These supplements are powder contained in an easy-to-digest gelatin capsule. Your body dissolves the gelatin quickly, and then the good stuff inside is absorbed. Promise Prenatal is one, and SuperMom has a capsule version as well.
Liquids are easier to absorb than a tablet, because your body doesn’t have to break down the stuff that holds a tablet together (called, appropriately, “binders”). Some brands that offer liquid prenatals are Liquid Health, Nature’s Plus, and Buried Treasure.
A word about DHA: It is recommended that pregnant women get plenty of omega-3 fatty acids, as these are important components of brain and eye development for babies. (Omega-3s also help moms produce prostaglandins.) Read more about omega-3s in pregnancy here. However, the best sources of omega-3s are cold water fish…and commercially available fish can have high levels of mercury and other toxins (and thus, pregnant women are advised to restrict their fish intake to twice per week). Many women will want to take a supplement to close this gap. Some popular brands are Nordic Naturals and Happy Healthy Smart. Many brands only have 200mg of DHA in them, but the recommended (minimum) amount is 300mg so make sure you select one with at least that amount.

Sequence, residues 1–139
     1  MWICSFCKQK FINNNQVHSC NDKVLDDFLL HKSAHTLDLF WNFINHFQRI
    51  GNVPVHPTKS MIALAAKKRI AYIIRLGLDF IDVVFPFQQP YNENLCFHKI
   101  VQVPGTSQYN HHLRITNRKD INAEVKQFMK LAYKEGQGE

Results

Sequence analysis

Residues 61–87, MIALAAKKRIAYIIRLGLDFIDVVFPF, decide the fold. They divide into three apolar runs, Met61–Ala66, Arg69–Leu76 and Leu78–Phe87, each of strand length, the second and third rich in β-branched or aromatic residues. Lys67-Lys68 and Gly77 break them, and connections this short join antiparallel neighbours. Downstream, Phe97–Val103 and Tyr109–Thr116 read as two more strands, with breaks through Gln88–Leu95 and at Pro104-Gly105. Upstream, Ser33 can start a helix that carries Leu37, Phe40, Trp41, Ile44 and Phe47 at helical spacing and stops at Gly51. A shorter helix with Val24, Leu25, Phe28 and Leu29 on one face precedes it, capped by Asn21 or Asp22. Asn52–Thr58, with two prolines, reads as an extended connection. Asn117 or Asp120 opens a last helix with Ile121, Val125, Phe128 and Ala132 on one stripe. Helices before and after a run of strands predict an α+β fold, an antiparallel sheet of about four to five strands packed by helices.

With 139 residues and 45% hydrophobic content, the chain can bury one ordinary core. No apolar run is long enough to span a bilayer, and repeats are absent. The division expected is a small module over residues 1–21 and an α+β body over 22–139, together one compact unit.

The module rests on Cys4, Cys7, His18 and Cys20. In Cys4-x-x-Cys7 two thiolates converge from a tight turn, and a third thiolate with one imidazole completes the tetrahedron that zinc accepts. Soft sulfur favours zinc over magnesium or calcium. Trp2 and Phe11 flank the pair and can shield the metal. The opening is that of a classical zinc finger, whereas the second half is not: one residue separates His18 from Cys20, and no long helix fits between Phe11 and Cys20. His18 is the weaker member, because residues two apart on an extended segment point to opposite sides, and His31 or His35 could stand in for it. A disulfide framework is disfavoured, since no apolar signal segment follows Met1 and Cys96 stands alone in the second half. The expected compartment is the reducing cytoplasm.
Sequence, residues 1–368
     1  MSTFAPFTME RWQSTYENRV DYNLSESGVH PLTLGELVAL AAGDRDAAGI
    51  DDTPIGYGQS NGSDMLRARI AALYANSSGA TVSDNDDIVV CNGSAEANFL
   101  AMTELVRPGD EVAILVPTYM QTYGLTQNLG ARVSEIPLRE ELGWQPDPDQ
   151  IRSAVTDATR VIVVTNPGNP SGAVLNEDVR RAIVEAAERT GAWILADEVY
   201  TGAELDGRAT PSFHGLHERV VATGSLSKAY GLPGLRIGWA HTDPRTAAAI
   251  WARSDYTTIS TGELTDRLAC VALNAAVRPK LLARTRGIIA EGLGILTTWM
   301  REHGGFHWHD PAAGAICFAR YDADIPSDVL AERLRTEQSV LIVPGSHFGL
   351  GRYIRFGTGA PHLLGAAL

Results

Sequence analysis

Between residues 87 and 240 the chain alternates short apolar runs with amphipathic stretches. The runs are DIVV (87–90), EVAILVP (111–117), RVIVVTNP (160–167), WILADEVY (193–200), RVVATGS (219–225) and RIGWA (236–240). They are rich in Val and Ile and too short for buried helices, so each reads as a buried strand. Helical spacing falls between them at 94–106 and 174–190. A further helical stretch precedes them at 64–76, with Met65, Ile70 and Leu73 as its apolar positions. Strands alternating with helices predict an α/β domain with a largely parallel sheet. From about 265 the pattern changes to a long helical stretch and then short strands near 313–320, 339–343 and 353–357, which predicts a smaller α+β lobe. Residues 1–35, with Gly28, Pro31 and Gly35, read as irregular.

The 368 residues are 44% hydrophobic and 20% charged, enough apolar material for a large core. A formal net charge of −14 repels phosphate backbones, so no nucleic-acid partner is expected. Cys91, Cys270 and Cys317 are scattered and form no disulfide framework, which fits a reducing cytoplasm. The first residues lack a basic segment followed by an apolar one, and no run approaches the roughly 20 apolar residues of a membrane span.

Unfortunately, it requires a little bit of extra work to locate a quality supplement – they generally aren’t on the shelves at regular big box or grocery stores. You will probably have to make a trek to a health food store or order online. Talk with your care provider about which form of supplements will best suit your needs…and you won’t be flushing your prenatal vitamins down the toilet.
NOTE: I am not a care provider of any type. I just went on a field trip to a wastewater treatment plant that instigated some research into supplements. Check with your care provider before adding any dietary supplements to your life.